Reconomy has revealed a new food and drink container service set to reduce carbon emissions by up to 96%, cut down on landfill and litter, and deliver cost savings of around 70-85%, including lower storage and transport costs.

Every year, 10.7 billion single-use takeaway containers for food and drink are thrown away in the UK, Reconomy suggests. To combat the waste, the company has developed a range of containers for food and drink that can apparently be reused over 1,000 times.

Therefore, the packaging expects to eradicate litter, landfill, and incineration at end-of-life, instead allowing for recycling. It is thought to cut down on carbon emissions and lower transportation and storage requirements.

The solution also aims to save between 70% and 85% of costs over a three-year period when compared to single-use packaging and offer a financial incentive to pursuing sustainability.

Additionally, Reconomy has unveiled its own single-use plastic policy. This involves minimising the use of single-use plastics across its own operations and services by all colleagues, as well as collaborating with customers and suppliers to reduce unnecessary waste plastics.

Nathan Gray, head of Sustainability at Reconomy, stated: “This is a completely new service offering for Reconomy and one that will help our customers divert from single use, as well as demonstrating our own commitment to eradicating single-use plastics.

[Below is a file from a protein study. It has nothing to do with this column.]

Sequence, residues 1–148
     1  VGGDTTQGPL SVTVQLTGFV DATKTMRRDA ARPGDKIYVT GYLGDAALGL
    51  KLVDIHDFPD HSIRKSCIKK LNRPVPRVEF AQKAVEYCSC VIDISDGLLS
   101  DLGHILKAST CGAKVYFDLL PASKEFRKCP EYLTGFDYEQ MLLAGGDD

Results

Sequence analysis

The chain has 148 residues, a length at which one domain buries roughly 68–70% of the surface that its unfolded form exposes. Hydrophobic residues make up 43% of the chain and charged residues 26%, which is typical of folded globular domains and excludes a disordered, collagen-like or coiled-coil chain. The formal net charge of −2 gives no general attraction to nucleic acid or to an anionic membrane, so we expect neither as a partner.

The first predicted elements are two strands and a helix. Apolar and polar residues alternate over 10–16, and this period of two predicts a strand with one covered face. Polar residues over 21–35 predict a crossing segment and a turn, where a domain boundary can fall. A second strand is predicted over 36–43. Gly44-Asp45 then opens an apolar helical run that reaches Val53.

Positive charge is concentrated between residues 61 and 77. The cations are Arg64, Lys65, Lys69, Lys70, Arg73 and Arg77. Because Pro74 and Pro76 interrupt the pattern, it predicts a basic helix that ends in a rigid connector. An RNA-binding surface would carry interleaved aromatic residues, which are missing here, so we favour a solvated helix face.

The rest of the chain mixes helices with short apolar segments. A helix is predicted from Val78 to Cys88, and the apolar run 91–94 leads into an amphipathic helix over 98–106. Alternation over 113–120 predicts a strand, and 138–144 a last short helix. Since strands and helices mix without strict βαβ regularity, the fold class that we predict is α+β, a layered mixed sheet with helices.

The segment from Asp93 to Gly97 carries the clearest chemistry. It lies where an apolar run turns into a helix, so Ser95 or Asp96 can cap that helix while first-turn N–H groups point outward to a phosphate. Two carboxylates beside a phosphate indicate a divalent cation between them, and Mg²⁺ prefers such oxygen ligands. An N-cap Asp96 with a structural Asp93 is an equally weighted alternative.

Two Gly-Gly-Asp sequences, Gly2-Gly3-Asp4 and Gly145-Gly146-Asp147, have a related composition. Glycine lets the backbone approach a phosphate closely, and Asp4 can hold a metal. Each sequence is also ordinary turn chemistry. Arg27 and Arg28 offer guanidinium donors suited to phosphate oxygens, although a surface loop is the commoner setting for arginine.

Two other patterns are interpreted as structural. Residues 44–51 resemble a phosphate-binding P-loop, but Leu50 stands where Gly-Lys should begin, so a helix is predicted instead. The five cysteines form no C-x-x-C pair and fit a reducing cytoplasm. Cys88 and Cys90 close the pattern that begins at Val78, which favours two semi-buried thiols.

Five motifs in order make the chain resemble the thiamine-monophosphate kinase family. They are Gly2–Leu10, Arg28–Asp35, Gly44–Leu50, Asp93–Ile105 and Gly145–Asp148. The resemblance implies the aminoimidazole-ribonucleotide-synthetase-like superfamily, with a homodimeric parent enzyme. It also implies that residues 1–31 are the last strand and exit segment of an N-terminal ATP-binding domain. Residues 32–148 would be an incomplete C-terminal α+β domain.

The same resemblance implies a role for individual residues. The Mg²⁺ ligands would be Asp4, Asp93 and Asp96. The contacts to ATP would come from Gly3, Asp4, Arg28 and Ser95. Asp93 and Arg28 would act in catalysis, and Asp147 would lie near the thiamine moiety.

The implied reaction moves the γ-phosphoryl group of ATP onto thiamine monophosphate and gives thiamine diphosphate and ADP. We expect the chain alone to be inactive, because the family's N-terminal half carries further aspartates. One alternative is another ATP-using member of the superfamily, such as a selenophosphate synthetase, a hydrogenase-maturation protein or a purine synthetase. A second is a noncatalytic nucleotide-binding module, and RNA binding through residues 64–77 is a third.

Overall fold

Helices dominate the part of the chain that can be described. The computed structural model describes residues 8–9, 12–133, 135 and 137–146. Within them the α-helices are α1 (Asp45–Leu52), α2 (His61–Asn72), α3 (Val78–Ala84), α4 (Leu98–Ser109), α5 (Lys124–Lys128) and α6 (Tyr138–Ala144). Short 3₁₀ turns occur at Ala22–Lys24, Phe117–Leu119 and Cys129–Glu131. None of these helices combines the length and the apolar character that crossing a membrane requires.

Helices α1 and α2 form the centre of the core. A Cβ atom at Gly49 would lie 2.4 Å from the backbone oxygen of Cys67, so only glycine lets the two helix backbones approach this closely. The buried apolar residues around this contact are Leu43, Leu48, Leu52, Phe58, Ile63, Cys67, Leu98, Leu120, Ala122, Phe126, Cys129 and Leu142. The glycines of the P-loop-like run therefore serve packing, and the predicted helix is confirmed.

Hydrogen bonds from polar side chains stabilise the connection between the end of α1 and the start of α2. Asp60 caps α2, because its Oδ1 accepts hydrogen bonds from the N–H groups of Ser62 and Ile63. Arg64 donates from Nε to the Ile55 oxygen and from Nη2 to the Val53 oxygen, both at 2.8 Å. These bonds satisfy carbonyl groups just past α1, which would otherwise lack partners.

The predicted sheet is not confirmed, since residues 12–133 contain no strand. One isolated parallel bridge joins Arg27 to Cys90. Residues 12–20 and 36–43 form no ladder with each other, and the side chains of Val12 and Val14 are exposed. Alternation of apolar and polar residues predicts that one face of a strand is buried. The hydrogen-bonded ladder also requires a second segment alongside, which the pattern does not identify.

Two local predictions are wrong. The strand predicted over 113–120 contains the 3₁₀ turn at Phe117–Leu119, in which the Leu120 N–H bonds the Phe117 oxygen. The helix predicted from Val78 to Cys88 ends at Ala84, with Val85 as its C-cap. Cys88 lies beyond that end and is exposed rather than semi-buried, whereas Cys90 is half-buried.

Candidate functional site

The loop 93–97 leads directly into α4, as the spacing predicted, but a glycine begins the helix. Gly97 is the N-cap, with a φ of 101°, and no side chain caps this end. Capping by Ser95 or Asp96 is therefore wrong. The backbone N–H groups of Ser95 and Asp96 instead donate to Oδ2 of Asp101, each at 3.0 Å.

“Our aim at Reconomy has always been to lead the way in the reuse revolution, bringing our customers on board to deliver significant carbon efficiency increases across a variety of the many sectors we work with. We are excited that this initiative will help more businesses drive forward a positive environmental impact as well as achieving commercial benefits.

“In tandem with our own single use plastic policy, it is further evidence of our commitment to accelerating the transition to a more circular economy at Reconomy and through our customers and suppliers.”

Earlier this year, As You Sow withdrew its shareholder proposal with the company in response to McDonald’s Corporation’s pledge to report on a potential transition into reusable packaging – weighing up its opportunities, risks, and impact on both the environment and single-use solutions.

This was soon followed by Uber Eats’ trial for a reusable packaging system, including doorstep collection. Not only did this seek to tackle an excess in single-use takeaway packaging in the food sector, but it also hoped to optimize convenience for consumers.

A collaboration between Just Eat, PepsiCo, Heineken, Vytal, and Notpla also brought bio-based and reusable packaging to the Champions League finals, including the UEFA Women’s Champions League final in Eindhoven.

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